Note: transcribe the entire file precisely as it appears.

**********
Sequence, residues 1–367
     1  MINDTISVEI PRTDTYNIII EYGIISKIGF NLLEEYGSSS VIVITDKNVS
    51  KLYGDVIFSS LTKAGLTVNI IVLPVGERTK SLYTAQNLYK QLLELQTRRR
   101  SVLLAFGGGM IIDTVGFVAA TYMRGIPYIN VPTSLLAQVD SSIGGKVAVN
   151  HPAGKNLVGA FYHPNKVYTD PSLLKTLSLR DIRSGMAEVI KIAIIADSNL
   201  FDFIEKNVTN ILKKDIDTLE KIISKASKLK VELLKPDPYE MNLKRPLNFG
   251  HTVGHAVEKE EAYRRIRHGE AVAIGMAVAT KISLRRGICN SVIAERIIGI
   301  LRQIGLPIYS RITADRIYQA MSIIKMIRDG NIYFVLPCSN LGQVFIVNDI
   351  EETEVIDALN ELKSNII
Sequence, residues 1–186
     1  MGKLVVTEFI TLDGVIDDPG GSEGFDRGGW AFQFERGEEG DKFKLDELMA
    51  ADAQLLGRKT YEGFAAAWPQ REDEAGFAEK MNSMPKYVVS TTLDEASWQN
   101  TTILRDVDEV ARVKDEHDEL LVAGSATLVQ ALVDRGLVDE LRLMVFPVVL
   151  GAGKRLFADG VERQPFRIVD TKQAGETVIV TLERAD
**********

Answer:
Sequence, residues 1–367
     1  MINDTISVEI PRTDTYNIII EYGIISKIGF NLLEEYGSSS VIVITDKNVS
    51  KLYGDVIFSS LTKAGLTVNI IVLPVGERTK SLYTAQNLYK QLLELQTRRR
   101  SVLLAFGGGM IIDTVGFVAA TYMRGIPYIN VPTSLLAQVD SSIGGKVAVN
   151  HPAGKNLVGA FYHPNKVYTD PSLLKTLSLR DIRSGMAEVI KIAIIADSNL
   201  FDFIEKNVTN ILKKDIDTLE KIISKASKLK VELLKPDPYE MNLKRPLNFG
   251  HTVGHAVEKE EAYRRIRHGE AVAIGMAVAT KISLRRGICN SVIAERIIGI
   301  LRQIGLPIYS RITADRIYQA MSIIKMIRDG NIYFVLPCSN LGQVFIVNDI
   351  EETEVIDALN ELKSNII
Sequence, residues 1–186
     1  MGKLVVTEFI TLDGVIDDPG GSEGFDRGGW AFQFERGEEG DKFKLDELMA
    51  ADAQLLGRKT YEGFAAAWPQ REDEAGFAEK MNSMPKYVVS TTLDEASWQN
   101  TTILRDVDEV ARVKDEHDEL LVAGSATLVQ ALVDRGLVDE LRLMVFPVVL
   151  GAGKRLFADG VERQPFRIVD TKQAGETVIV TLERAD